If the Church exists as a sign of the Kingdom, then it disrupts the colonial vision of the state over the Church. The Church does not run the errands of the state; it is not captive to its order, nor does it prop up the state’s desired status quo. Unlike the state, the Church is constituted as the Body of Christ and filled with the Holy Spirit to herald the Kingdom of God. This is why Cavanaugh writes in Theopolitical Imagination, “It should be obvious that state power is the last thing that the Church should want.” The Church doesn’t need to make Jesus king in the White House, because his death, resurrection and ascension have already secured him as Lord of the cosmos. Those who act in the name of Jesus have no need of colonizing the state.
Further, the Church is not relegated to a private prayer closet, the task of merely saving souls. The Church should not be kept out of the public and political because the reign of God is concerned with the real world. The Church exists, then, to herald with Christ the good news to the human poor, incarcerated, blind, and oppressed (Luke 4:18). The Church is the sign that the Father is setting things right through his Son and by his Spirit. Therefore, the Church is supremely and inherently political (not partisan) because it exists in human history addressing all of human society, and the Church is profoundly public because it concerns all of creation.
Romero’s witness reminds the Church that it is a sign and instrument of only one kingdom announcement: “The time is fulfilled, and the kingdom of God is at hand; repent and believe in the gospel” (Mark 1:15). This is the basis for the Church’s witness in any public political space. This grounding in the Kingdom of God delegitimizes any vision of a Church “out of politics” or a Church inextricable from partisan aims. Instead, when the reign of God is in focus, the Church is freed to persist in its witness, unthreatened and un-tempted by the terms of any other kingdom.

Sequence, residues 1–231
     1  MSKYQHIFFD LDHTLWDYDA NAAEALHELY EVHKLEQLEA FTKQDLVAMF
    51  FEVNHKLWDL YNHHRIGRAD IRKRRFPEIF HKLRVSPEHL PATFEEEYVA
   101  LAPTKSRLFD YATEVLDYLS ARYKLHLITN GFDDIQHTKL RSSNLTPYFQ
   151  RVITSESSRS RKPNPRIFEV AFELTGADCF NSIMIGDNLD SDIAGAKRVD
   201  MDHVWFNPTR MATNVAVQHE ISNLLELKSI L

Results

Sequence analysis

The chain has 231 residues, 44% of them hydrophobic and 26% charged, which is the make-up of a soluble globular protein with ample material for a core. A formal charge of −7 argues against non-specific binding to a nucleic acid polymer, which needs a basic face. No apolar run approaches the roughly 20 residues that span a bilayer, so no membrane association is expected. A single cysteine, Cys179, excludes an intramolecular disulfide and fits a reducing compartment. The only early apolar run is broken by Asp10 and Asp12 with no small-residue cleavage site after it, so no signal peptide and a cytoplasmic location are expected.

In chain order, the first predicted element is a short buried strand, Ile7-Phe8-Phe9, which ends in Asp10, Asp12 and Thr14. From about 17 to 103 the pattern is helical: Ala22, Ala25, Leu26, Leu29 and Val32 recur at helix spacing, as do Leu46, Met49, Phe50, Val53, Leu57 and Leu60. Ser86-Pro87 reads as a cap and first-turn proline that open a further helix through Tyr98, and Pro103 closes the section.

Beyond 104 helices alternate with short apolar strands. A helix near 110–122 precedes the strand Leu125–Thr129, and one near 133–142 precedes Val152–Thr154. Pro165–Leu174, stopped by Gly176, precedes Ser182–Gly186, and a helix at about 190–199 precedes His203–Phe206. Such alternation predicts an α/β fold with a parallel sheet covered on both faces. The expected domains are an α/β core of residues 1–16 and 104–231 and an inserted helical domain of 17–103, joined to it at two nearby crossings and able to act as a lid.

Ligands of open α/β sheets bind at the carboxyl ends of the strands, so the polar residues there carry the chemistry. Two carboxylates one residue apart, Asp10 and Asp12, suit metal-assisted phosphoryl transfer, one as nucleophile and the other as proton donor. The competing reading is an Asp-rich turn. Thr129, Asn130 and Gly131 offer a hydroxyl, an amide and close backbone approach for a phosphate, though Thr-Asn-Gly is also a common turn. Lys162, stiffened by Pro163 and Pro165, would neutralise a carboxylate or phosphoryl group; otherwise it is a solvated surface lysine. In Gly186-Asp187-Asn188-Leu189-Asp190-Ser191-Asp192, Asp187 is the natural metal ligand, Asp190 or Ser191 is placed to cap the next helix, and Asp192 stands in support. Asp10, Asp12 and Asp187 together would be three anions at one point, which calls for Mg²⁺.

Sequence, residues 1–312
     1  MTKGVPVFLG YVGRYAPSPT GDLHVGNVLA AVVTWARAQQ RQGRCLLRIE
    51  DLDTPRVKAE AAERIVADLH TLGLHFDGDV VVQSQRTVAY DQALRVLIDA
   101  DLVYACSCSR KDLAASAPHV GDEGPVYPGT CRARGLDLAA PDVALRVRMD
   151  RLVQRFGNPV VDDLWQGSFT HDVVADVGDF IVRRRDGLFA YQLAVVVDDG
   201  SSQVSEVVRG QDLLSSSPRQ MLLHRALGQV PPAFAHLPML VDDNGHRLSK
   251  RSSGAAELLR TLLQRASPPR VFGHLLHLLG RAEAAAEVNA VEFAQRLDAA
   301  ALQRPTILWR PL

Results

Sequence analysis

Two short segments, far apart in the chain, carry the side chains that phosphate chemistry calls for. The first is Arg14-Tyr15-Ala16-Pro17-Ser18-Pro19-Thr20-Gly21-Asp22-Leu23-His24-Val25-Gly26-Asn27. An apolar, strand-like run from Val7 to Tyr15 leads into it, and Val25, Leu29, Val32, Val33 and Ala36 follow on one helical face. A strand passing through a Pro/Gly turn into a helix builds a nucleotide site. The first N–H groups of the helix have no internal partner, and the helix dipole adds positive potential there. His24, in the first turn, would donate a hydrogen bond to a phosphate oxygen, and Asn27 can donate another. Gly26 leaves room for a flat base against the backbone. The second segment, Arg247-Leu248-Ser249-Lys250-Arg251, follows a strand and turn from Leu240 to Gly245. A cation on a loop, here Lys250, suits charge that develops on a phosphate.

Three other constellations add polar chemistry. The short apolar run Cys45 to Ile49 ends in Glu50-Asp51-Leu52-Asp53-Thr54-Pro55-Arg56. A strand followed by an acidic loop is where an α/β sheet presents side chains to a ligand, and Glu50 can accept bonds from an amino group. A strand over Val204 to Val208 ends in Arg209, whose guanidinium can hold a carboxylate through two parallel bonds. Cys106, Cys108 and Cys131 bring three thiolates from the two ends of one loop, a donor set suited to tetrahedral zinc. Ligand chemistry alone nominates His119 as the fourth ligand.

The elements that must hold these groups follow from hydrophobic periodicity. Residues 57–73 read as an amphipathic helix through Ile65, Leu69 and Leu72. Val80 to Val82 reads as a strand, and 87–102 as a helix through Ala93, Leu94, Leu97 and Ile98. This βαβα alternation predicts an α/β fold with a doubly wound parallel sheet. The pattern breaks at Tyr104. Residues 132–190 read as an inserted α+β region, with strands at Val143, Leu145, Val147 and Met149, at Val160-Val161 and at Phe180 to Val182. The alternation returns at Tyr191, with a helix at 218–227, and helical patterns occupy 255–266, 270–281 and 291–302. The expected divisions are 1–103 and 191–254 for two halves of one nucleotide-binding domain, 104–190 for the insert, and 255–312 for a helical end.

In our local parishes, our preaching, fellowship and reconciliation signify to others that God is concerned with our neighborhood. When we consider the formative forces and allegiances tugging at us, we can more clearly see the importance of surrendering ourselves to the narrative of Scripture, the work of the liturgy, the allegiance confessed in our creeds, our diet of the Eucharist, and our openness to God in prayer.
With the Kingdom of God at hand, the Church is emboldened to be itself, traveling with the God who walks in human history and calls the real world into alignment with His way of doing things.